Play Live Radio
Next Up:
0:00 0:00
Available On Air Stations

State House passes HEAL Act for environmental justice, a first for Washington

courtesy of state Department of Health
Washington State Department of Health
A screenshot from the state's new Environmental Health Disparities Map shows hotspots for impacts of pollution.

A bill that would address environmental justice is still alive in the state Legislature.

The so-called Healthy Environment for All, or HEAL, Act passed the House in the nick of time, getting a last-minute bipartisan vote of 88-10 just after 5 p.m. Wednesday, to clear the cutoff deadline.

The HEAL Act aims to improve health disparities in Washington through targeted investments in areas suffering worst from pollution. It would direct eight key state agencies to target their work using an environmental health disparities map that launched in January. It also would create a task force to oversee the implementation.

David Mendoza is withFront and Centered, a statewide coalition of more than 60 social justice groups that have been lobbying for the measure. Mendoza says their volunteers looked up each legislative district on the map to see how polluted they are, on a scale of one to 10.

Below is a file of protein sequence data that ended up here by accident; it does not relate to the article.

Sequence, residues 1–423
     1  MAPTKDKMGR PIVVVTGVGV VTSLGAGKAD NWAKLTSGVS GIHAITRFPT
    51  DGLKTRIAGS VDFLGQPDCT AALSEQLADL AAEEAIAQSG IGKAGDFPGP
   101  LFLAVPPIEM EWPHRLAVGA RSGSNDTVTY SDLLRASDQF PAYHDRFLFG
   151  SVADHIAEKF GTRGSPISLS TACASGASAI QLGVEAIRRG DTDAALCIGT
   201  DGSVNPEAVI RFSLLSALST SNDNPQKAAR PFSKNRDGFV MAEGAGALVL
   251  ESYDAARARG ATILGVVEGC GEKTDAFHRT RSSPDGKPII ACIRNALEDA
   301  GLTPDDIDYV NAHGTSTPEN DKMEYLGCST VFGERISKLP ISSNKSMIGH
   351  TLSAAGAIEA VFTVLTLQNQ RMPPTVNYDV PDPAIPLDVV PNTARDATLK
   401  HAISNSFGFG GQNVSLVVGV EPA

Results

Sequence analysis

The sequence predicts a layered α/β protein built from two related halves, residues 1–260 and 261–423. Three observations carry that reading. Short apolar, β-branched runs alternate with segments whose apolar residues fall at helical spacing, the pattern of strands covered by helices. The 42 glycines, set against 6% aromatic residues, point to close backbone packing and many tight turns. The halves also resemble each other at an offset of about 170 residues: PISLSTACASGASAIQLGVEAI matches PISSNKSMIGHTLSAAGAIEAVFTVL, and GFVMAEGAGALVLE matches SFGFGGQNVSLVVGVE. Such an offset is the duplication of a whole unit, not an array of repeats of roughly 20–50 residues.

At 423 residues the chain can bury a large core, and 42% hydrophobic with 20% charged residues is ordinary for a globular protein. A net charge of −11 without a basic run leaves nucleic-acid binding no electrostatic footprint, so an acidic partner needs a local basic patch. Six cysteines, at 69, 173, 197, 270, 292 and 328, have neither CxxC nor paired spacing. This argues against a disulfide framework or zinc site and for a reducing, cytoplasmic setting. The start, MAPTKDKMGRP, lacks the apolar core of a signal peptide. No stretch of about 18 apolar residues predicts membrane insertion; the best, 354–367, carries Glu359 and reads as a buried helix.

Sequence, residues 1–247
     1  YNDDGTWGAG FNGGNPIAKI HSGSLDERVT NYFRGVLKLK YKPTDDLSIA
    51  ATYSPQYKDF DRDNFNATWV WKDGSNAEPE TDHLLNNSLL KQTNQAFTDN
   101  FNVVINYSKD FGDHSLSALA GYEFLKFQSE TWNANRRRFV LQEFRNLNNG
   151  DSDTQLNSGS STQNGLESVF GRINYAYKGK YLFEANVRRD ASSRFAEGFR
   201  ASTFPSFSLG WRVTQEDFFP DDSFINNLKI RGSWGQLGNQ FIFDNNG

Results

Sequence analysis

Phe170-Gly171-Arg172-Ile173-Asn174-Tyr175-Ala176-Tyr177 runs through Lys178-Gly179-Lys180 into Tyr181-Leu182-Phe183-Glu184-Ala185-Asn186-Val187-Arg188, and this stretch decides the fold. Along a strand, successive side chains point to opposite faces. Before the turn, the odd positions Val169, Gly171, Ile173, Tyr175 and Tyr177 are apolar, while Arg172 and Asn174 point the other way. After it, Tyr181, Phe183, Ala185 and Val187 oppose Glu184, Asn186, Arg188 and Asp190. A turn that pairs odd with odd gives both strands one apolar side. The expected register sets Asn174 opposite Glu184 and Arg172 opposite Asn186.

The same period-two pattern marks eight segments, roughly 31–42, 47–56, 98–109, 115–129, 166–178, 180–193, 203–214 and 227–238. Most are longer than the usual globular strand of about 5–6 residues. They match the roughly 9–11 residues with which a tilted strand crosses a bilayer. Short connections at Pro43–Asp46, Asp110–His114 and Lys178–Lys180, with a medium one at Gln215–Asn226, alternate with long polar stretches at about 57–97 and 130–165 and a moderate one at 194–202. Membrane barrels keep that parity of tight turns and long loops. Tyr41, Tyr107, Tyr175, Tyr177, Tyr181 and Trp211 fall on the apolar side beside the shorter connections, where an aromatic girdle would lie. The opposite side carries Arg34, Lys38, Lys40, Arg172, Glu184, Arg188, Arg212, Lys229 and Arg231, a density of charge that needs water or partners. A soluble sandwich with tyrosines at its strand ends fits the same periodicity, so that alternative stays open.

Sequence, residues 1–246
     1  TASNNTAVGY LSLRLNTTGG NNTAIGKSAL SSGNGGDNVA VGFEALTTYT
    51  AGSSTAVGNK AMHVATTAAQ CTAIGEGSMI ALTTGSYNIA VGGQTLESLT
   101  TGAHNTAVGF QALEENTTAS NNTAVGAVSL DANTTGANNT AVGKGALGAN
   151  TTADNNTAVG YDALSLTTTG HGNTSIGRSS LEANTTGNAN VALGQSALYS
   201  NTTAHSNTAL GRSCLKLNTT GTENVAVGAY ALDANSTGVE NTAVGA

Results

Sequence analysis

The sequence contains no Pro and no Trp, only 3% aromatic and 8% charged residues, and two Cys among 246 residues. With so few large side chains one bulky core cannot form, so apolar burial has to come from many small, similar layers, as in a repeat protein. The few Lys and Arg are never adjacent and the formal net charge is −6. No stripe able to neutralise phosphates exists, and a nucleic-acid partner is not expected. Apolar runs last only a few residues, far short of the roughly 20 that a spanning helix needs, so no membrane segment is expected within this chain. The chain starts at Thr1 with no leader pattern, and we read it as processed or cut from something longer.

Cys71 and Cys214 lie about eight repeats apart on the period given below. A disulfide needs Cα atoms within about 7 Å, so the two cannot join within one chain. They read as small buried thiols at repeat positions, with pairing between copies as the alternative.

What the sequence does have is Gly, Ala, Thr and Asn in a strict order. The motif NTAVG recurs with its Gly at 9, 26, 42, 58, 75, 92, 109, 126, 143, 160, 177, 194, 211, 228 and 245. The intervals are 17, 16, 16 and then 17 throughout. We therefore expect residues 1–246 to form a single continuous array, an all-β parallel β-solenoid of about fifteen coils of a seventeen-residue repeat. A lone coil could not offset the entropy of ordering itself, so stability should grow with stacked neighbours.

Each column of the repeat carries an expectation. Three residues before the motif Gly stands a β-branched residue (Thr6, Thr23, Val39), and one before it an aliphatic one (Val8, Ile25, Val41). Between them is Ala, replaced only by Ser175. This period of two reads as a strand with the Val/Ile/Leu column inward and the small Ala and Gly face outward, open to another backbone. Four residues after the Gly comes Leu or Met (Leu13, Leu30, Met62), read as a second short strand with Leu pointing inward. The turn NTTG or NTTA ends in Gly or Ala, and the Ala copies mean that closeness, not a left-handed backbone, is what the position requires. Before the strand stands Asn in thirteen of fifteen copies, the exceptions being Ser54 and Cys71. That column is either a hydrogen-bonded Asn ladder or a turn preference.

“We found every single legislative district in Washington has at least one census tract with a score of six or above,” he said.

Communities with scores closer to 10 suffer disproportionately from negative effects of pollution. They’re frequently in rural areas. They’re also more often than not socioeconomically disadvantaged groups, such as low income and people of color, said Jill Mangaliman, executive director of the South Seattle environmental justice group, Got Green.

“We have higher rates of respiratory issues, cardiovascular disease. And we want to actually reduce that burden on these communities, ” Mangaliman said. ”This will make it possible across the board."

Currently, 86 groups have endorsed and are urging passage of the bill, which still needs a concurrent vote from the Senate. The Senate version had nearly three dozen amendments at passage, an unusually high number.

The main opposition has come from the Association of Washington Business and the Building Industry Association, who argue it could create regulatory uncertainty.

Note: this story has been updated to reflect the fact that the Senate version of the bill (not the House version) had several dozen amendments. We regret the error.

Bellamy Pailthorp covers the environment for KNKX with an emphasis on climate justice, human health and food sovereignty. She enjoys reporting about how we will power our future while maintaining healthy cultures and livable cities. Story tips can be sent to